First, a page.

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Robert Holdstock
Robert Paul Holdstock (2 August 1948 – 29 November 2009) was an English novelist and author best known for his works of Celtic, Nordic, Gothic and Pictish fantasy literature, predominantly in the fantasy subgenre of mythic fiction. Holdstock broke into print in 1968. His science fiction and fantasy works explore philosophical, psychological, anthropological, spiritual and woodland themes. He received three BSFA awards and won the World Fantasy
Fantasy
Award in the category of Best Novel of 1985.Contents1 Biography 2 Writings 3 Critical reception 4 Book covers 5 Awards 6 Select bibliography 7 References 8 Sources 9 External linksBiography[edit] Robert Holdstock, the eldest of five children, was born in Hythe, Kent. His father, Robert Frank Holdstock, was a police officer and his mother, Kathleen Madeline Holdstock, was a nurse. At the age of seven Robert started attending Gillingham Grammar School in the Medway Towns
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Épinal
1 French Land Register data, which excludes lakes, ponds, glaciers > 1 km2 (0.386 sq mi or 247 acres) and river estuaries. 2 Population without double counting: residents of multiple communes (e.g., students and military personnel) only counted once.Part of the series onLorraineFlag of Lorraine
Lorraine
since the 13th centuryHistory Mediomatrici
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Master Of Science
A Master of Science
Master of Science
(Latin: Magister Scientiae; abbreviated MS, M.S., MSc, M.Sc., SM, S.M., ScM, or Sc.M.) is a master's degree in the field of science awarded by universities in many countries, or a person holding such a degree.[1] In contrast to the Master of Arts degree, the Master of Science
Master of Science
degree is typically granted for studies in sciences, engineering, and medicine, and is usually for programs that are more focused on scientific and mathematical subjects; however, different universities have different conventions and may also offer the degree for fields typically considered within the humanities and social sciences
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Medway
Medway
Medway
is a conurbation and unitary authority in Kent
Kent
in the region of South East England. It had a population in 2014 of 274,015.[3] The unitary authority was formed in 1998 when the City of Rochester-upon-Medway
Rochester-upon-Medway
amalgamated with Gillingham Borough Council and part of Kent
Kent
County Council to form Medway
Medway
Council, a unitary authority independent of Kent
Kent
County Council.[4] Over half of the unitary authority area is rural in nature
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Banana Boat (ship)
Banana boat was a term, a descriptive nickname, given to fast ships also called banana carriers engaged in the banana trade designed to transport easily spoiled bananas rapidly from tropical growing areas to northern markets that often carried passengers as well as fruit.[1][2] During the first half of the twentieth century, the refrigerated ships, such as SS Antigua and SS Contessa, engaged in the Central America to United States trade also operated as luxurious passenger vessels. Surplus naval vessels were converted in some cases in the search for speed with Standard Fruit converting four U.S. Navy destroyer hulls, without machinery, to the banana carriers Masaya, Matagalpa, Tabasco and Teapa in 1932.[3][4] Transfers to naval service served as transports and particularly chilled stores ships such as USS Mizar, the United Fruit passenger and banana carrier Quirigua, and the lead ship of a group that were known as the Mizar class of stores ships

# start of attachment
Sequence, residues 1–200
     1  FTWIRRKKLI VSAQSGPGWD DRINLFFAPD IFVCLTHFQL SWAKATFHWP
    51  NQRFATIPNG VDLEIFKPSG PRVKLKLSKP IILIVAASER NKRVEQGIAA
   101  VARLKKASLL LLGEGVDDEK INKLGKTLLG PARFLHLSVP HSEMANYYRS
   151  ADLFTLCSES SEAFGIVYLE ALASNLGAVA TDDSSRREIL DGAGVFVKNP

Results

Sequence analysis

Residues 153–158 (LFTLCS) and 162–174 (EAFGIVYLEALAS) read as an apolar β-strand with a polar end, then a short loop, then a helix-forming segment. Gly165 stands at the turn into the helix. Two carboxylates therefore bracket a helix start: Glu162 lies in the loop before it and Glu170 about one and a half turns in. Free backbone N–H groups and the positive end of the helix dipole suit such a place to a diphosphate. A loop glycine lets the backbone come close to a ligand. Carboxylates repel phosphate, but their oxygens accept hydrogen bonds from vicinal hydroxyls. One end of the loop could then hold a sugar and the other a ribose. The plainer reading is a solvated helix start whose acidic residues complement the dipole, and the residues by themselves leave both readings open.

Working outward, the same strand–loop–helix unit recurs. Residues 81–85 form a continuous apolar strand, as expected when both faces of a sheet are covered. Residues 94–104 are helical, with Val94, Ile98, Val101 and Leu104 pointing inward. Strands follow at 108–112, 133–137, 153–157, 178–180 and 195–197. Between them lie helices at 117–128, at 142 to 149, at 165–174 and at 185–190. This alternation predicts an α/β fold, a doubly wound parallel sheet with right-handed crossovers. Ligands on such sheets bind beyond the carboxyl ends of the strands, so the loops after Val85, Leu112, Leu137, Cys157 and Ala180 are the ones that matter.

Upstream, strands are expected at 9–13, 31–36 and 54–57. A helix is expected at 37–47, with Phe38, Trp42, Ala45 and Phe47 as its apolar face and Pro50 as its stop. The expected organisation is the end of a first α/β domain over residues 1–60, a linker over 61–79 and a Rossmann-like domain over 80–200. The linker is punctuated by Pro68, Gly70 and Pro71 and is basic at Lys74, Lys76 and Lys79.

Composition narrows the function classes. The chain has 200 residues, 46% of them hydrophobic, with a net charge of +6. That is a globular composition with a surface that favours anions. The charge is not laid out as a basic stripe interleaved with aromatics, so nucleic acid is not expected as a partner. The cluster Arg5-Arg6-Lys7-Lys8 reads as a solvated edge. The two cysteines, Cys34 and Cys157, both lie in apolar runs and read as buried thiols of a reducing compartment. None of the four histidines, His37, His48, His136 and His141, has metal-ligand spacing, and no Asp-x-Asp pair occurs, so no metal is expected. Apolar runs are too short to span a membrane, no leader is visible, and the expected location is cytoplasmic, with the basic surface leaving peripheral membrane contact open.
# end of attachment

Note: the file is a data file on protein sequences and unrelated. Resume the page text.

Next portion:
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Hythe, Kent
Hythe (/ˈhaɪð/) is a small coastal market town on the edge of Romney Marsh, in the district of Folkestone
Folkestone
and Hythe on the south coast of Kent. The word Hythe or Hithe is an Old English
Old English
word meaning haven or landing place. The town has medieval and Georgian buildings, as well as a Saxon/Norman church on the hill and a Victorian seafront promenade. Hythe was once defended by two castles, Saltwood
Saltwood
and Lympne. The town hall, a former guildhall, was built in 1794, its fireplace designed by the Adam Brothers[disambiguation needed]. Hythe's market once took place in Market Square (now Red Lion Square) close to where there is now a farmers' market every second and fourth Saturday of the month. Hythe has gardening, horse riding, bowling, tennis, cricket, football, squash and sailing clubs
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Slate Industry In Wales
The existence of a slate industry in Wales
Wales
is attested since the Roman period, when slate was used to roof the fort at Segontium, now Caernarfon. The slate industry grew slowly until the early 18th century, then expanded rapidly until the late 19th century, at which time the most important slate producing areas were in northwest Wales, including the Penrhyn Quarry
Penrhyn Quarry
near Bethesda, the Dinorwic Quarry
Dinorwic Quarry
near Llanberis, the Nantlle Valley
Nantlle Valley
quarries, and Blaenau Ffestiniog, where the slate was mined rather than quarried
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Bachelor Of Science
A Bachelor of Science
Bachelor of Science
( Latin
Latin
Baccalaureus Scientiae, B.S., BS, B.Sc., BSc, or B.Sc; or, less commonly, S.B., SB, or Sc.B., from the equivalent Latin
Latin
Scientiae Baccalaureus)[1] is an undergraduate academic degree awarded for completed courses that generally last three to five years, or a person holding such a degree.[2] Whether a student of a particular subject is awarded a Bachelor of Science degree or a Bachelor of Arts degree can vary between universities
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Bangor University
Bangor University
Bangor University
(Welsh: Prifysgol Bangor) is a Welsh university in the city of Bangor in the county of Gwynedd
Gwynedd